Check for TPM using the Windows Security App

Before diving into our guide, you might want to check for a TPM 2.0 chip on your PC. You can do this manually through the Windows 10 settings. This will let you know if you can continue with the Windows 11 install process.

Step 1: Open Windows 10 settings with Windows Key and I on your keyboard. Then go to Update and Security.

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Step 2: From Update and Security click Windows Security followed by Device Security and Security Processor Details. If you don’t see a Security Processor section on this screen, your TPM 2.0 chip might be disabled or unavailable. If you see a spec that’s lower than 2.0, then your device can’t run Windows 11.

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Windows 10's Security Options.


Arif Bacchus/Digital Trends

Get to BIOS to enable TPM

Once you verify or confirm that you have a TPM 2.0 chip on your system, then you’ll need to get into your PC’s BIOS to enable it. You can do this directly through Windows without the need for a keyboard combination on boot. Here’s how.

Step 1: Go into Windows 10 Settings. Head to Update and Security, followed by Recovery and then Restart Now. Your system will restart.

Windows 10's Advanced Security Options Menu.


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Step 2: On the next screen, you’ll want to choose Troubleshoot, followed by Advanced Options and then UEFI Firmware Settings. Click on the Restart button, and this will boot your PC into the system BIOS to check on TPM 2.0.

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Dell's BIOS settings.


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Enable TPM 2.0 in the BIOS

Now that you’re in the System BIOS, you’ll want to look for a specific submenu. On most systems, the TPM settings can be found under settings labeled Advanced Security, Security, or Trusted Computing. Navigate to these menus using either the keyboard combinations listed on the screen or the mouse if your BIOS supports it.

If you’re unsure about which menu to get into, you can visit the links below. Each link will take you to a PC manufacturer’s page with guidance on how to enable TPM 2.0.

Step 1: Once you’re in the respective menu in the BIOS, you can check the box or flip the switch for one of the following options. Sometimes TPM 2.0 can be labeled differently as one of these options: Security Device, Security Device Support, TPM State, AMD fTPM switch, AMD PSP fTPM, Intel PTT, or Intel Platform Trust Technology.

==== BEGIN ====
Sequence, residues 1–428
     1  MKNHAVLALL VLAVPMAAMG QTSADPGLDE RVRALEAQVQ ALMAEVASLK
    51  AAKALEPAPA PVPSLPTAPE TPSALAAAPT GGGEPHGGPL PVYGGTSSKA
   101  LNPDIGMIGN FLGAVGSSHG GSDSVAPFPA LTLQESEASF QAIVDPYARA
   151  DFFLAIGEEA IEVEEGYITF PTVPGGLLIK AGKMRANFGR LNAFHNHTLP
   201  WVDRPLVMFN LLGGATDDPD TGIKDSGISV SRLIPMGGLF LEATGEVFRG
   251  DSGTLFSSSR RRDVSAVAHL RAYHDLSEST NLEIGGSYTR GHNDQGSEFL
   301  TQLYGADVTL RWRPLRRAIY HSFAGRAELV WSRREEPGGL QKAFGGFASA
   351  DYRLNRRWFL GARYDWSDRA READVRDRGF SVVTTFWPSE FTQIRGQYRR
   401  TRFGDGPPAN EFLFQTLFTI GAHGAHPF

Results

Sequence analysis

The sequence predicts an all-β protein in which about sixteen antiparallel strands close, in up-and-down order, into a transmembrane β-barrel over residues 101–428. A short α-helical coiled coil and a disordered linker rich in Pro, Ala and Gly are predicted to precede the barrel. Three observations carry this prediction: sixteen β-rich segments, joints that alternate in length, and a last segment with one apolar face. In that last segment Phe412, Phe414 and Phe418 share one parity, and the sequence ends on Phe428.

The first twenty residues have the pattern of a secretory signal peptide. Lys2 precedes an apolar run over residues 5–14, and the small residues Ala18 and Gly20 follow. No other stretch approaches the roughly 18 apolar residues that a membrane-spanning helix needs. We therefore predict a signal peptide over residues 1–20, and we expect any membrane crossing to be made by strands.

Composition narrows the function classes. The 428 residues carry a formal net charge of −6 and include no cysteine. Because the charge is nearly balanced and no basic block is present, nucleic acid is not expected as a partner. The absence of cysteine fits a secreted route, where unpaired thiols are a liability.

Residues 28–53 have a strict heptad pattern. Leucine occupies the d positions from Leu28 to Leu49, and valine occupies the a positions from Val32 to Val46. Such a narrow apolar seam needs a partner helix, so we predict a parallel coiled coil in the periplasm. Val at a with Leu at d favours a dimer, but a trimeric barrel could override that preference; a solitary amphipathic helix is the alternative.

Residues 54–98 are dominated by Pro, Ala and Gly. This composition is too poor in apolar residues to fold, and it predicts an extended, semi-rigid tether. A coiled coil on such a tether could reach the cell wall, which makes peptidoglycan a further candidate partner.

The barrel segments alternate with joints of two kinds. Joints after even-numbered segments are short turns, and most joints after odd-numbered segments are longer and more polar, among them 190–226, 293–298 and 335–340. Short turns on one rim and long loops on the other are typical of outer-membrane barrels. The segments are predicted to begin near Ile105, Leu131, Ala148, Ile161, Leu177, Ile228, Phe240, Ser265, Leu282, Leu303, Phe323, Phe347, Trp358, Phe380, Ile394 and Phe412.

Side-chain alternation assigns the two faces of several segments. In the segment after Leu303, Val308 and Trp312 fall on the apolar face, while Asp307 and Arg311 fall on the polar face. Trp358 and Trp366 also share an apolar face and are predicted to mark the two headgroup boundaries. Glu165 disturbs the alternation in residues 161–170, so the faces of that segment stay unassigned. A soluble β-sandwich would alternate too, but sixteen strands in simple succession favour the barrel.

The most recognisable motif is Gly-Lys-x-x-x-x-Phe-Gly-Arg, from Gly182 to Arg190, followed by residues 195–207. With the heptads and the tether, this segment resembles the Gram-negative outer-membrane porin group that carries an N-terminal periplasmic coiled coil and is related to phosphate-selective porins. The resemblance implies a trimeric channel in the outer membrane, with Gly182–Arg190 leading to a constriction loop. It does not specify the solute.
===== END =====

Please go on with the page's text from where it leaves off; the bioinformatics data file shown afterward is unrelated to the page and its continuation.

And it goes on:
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Step 2: If you’re not sure if you’re checking the right box for TPM 2.0 settings, then you might want to check with the support documents for the company that made your PC. We linked to some of those above.

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Step 3: Once you enable TPM 2.0, you can exit the BIOS using the commands listed at the bottom of the screen. Usually, the Esc key will do the trick, and you’ll be prompted to Save and Exit. Your system will then restart and boot you back into Windows.

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Now that you confirmed that your PC has a TPM 2.0 chip, you can proceed with the Windows 11 installation process. We have a guide on how you can do that, and another piece that explains the differences between Windows 10 and Windows 11.

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Samsung Galaxy Z Fold 4: What we want from the new foldable

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Samsung Galaxy Z Fold 4: What we want from the new foldable

The Samsung Galaxy Z Fold 3 has been my daily driver for a while now –and I love it. Unfolding it to get a bigger display still feels futuristic every time I do it. The cameras get the work done, and it is an amazing mobile device for productivity. But despite being the best of its kind, all things can use some improvement, and that’s the case for the Galaxy Z Fold 3 as well.

Here’s what I hope Samsung improves on with the Galaxy Z Fold 4.

A wider cover display … with a caveat

From left, the Galaxy Z Fold 3 and Oppo Find N open from the back.
Andy Boxall/Digital Trends

Front displays on foldables are meant to get things done quickly, without having to go to the next step of unfolding the phone. For instance, replying to that message on WhatsApp, checking the time, swiping through notifications, and anything that requires little effort. The Galaxy Z Fold 3 flies through quick tasks on the slim 6.2-inch display — unless I have to quickly type something on it.

Typing on the cover display of the Galaxy Z Fold 3 is a troublesome task. Due to the slimness of the screen, you don’t get the usable width on the keyboard, which results in a lot of typos that end up frustrating me. Making the cover display wider solves the problem of typos, but also leads to a wider foldable display.

Based on my experience with the Oppo Find N, it might not be a good idea despite the usability improvement. The web is built to operate vertically. You scroll down on stuff, be it your Twitter feed, TikTok, Instagram Reels, reading on a browser, or anything else. Personally, I’ve yet to come across an app or a webpage where I prefer a wider aspect ratio to a taller one. I like the taller aspect ratio of the Fold 3 rather than the wider aspect ratio on the Find N.